We are making breakthroughs almost weekly in our understanding of cancer and other deadly diseases, both in how to treat and – in some cases – how to cure them. So why is funding for early stage biomedical research and development declining just when we need it most? One answer is that the financial risk of drug development has increased, and investors don’t like risk. What if we could reduce the risk and increase the reward through financial engineering? By applying tools like portfolio theory, securitization, and derivative securities to construct “megafunds” that invest in many biomedical projects, we can tap into the power of global financial markets to raise billions of dollars. If structured properly, investors can earn attractive returns with tolerable levels of risk, and many more patients can get the drugs they desperately need. Finance doesn’t have to be a zero-sum game; we can do well by doing good if we have sufficient scale.
This talk was given at a TEDx event using the TED conference format but independently organized by a local community.VIEW HERE >
On October 9, 2015, Rep. Thomas J. Rooney (FL-17) and Rep. Juan Vargas (CA-51) introduced the Rare Disease (RaD) Fund Act of 2015 (H.R. 3731). The legislation would allow the National Institutes of Health (NIH) to establish a privately owned and operated investment fund for rare diseases therapeutics. The Fund would invest in and develop early-stage (prior to the third stage of the Food and Drug Administration’s approval process) rare disease therapeutics. The NIH would serve in an advisory capacity and would also have the authorization to provide technical services and sell intellectual property to the RaD Fund in exchange for an equity stake in the company.MORE HERE >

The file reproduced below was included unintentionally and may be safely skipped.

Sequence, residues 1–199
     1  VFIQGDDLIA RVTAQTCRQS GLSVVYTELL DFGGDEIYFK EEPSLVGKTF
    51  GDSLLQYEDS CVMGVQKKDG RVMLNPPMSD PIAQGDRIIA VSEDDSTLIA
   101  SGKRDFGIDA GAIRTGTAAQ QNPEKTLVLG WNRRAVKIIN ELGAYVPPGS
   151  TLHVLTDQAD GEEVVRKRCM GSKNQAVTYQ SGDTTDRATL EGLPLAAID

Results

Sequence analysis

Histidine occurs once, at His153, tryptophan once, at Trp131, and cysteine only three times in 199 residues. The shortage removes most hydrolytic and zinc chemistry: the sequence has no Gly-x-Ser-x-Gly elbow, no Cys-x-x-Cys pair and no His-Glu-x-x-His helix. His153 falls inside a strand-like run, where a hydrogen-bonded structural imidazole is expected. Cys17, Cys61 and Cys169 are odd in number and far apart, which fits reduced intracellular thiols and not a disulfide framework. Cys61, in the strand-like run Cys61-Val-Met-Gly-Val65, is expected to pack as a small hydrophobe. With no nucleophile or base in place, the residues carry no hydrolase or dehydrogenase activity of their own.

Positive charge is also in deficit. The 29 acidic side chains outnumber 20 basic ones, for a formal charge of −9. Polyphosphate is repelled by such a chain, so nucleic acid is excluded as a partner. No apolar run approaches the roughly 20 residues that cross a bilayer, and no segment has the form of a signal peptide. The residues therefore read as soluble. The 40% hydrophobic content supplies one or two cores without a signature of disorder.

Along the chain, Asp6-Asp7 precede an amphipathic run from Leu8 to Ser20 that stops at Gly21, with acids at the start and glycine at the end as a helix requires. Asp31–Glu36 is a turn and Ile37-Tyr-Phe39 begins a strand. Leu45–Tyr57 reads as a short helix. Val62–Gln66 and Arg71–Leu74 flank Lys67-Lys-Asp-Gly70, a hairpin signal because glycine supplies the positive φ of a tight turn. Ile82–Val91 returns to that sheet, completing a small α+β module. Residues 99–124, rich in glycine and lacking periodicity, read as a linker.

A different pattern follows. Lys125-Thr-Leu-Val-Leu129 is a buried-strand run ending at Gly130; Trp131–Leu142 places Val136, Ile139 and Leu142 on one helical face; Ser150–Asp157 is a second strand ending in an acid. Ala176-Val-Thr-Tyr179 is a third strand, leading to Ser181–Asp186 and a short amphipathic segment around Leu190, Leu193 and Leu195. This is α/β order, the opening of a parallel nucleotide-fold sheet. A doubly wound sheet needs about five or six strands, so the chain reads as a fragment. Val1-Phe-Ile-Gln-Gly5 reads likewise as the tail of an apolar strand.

The Consortium for Systemic Risk Analytics (CSRA), a not-for-profit Delaware Corporation, and the MIT Sloan School of Management announced today that it will become part of a joint collaboration among three MIT research centers—the Laboratory for Financial Engineering (LFE), the Center for Finance and Policy (CFP), and the newly launched Institute for Data, Systems, and Society (IDSS)—to continue its mission to foster interdisciplinary research in the measurement of systemic risk in the financial system.MORE HERE >